Firms worldwide are contending with a shortage of semiconductor components which has hit the automotive industry quite hard. Nvidia’s ‘Automotive’ business operating segment posted a 1% year-over-year decline in revenues last fiscal quarter, though on a sequential basis, sales at this unit were up 6%. Please note that while Nvidia designs chips, it does not produce them in commercial quantities as the firm outsources production to third parties that operate semiconductor foundries, firms such as Taiwan Semiconductor Mfg. Co. Ltd. (TSM) and Samsung Electronics Co (SSNLF). Revenue at Nvidia’s ‘Professional Visualization’ business operating segment was up 21% on both a year-over-year and sequential basis last fiscal quarter, aided by recent collaborations with key enterprises.
Financials Remain Strong
In the first quarter of fiscal 2022, Nvidia’s GAAP revenues advanced 84% year-over-year and its GAAP operating income more than doubled year-over-year as growth in its operating expenses was outpaced by its surging revenues. Nvidia generated $1.6 billion in free cash flow last fiscal quarter (which more than doubled year-over-year) while spending a modest $0.1 billion covering its dividend obligations. The firm did not repurchase a meaningful amount, or any, of its outstanding common stock in the fiscal first quarter as Nvidia is in the process of acquiring ARM Limited through a massive ~$40 billion cash-and-stock deal that we covered in detail here. During Nvidia’s latest earnings call, management noted that the firm “remain[s] on track to close the transaction within our original timeframe of early 2022.” We are keeping an eye on the acquisition.
At the end of Nvidia’s fiscal first quarter, it had a $5.7 billion net cash position (inclusive of short-term debt) though the cash component of its pending ARM Limited acquisition could see that flip to a net debt position if the deal gets completed. However, Nvidia may continue to build up cash on its balance sheet before the acquisition is finalized given its impressive free-cash-flow generating abilities and relatively modest dividend obligations. Material regulatory hurdles, with an eye towards anti-trust concerns, remain a key obstacle. It is far from certain that Nvidia’s pending ARM Limited deal will receive the necessary regulatory approvals.
Nvidia posted a solid earnings report. The company’s near-term guidance indicates Nvidia expects to continue growing at a brisk pace going forward, at least in the near term. Beyond expected growth in its new CMPs product lines, the firm expects demand for its gaming and data center offerings will remain robust (management mentioned that was expected to be the case during Nvidia’s latest earnings call). The company’s board of directors declared a four-to-one stock split on May 21, though this move still needs to be approved by shareholders during Nvidia’s 2021 Annual Meeting of Stockholders that will be held virtually on June 3. Should the measure get approved, the stock split would go into effect in July 2021.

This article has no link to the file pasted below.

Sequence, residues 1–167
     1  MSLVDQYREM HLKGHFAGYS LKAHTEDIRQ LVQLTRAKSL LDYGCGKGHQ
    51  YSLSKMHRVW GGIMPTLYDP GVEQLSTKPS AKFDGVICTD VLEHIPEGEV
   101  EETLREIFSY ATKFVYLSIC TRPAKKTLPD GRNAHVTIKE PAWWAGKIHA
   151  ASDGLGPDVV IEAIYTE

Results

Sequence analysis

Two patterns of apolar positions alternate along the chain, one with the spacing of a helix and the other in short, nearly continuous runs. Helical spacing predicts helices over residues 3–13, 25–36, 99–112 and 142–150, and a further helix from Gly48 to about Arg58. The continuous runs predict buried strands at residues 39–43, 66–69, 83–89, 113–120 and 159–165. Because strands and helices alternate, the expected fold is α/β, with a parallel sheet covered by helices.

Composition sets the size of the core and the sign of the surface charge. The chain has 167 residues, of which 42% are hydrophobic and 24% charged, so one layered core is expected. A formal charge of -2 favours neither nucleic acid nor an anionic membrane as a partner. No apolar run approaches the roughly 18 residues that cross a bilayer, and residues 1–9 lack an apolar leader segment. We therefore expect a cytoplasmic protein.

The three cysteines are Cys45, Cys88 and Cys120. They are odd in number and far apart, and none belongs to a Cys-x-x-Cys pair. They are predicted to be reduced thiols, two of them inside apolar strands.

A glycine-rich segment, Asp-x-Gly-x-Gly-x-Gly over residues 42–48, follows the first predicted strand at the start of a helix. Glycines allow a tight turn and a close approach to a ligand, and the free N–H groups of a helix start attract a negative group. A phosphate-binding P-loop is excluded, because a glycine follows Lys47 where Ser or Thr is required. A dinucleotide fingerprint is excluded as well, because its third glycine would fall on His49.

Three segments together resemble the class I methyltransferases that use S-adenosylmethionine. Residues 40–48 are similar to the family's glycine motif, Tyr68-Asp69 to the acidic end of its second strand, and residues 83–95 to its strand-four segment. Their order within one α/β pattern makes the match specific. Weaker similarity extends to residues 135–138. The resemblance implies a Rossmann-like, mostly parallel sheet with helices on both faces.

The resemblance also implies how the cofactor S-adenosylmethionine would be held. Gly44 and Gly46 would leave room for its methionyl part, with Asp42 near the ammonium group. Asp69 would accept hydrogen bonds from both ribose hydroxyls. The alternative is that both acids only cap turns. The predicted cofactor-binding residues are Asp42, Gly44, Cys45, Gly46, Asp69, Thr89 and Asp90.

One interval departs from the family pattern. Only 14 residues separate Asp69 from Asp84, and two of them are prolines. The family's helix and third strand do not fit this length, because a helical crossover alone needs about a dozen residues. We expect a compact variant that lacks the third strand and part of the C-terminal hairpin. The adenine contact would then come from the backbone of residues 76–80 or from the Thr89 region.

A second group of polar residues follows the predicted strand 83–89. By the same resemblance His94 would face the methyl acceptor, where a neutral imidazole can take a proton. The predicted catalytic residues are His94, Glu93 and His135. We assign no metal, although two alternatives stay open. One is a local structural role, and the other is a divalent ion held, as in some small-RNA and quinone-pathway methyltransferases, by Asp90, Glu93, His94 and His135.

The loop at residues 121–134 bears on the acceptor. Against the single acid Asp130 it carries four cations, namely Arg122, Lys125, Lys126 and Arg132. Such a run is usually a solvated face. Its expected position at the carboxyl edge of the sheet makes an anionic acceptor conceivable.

Shares of NVDA are trading in the upper bound of our fair value estimate range as of this writing, indicating Nvidia is fairly valued, and we do not intend to add shares of Nvidia as an idea to our newsletter portfolios at this time. Our favorite semiconductor firm is Qualcomm Inc (QCOM), which is trading right near the bottom of the lower bound of our fair value estimate range as of this writing. We include QCOM as an idea in our Dividend Growth Newsletter portfolio.
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Callum Turcan does not own shares in any of the securities mentioned above. Apple Inc (AAPL), Cisco Systems Inc (CSCO), and Microsoft Corporation (MSFT) are all included in both Valuentum’s simulated Best Ideas Newsletter portfolio and simulated Dividend Growth Newsletter portfolio. Alphabet Inc (GOOG) Class C shares, Facebook Inc (FB), Korn Ferry (KFY), PayPal Holdings Inc (PYPL) and Visa Inc (V) are all included in Valuentum’s simulated Best Ideas Newsletter portfolio. Oracle Corporation (ORCL) and Qualcomm Inc (QCOM) are both included in Valuentum’s simulated Dividend Growth Newsletter portfolio. Some of the other companies written about in this article may be included in Valuentum's simulated newsletter portfolios. Contact Valuentum for more information about its editorial policies.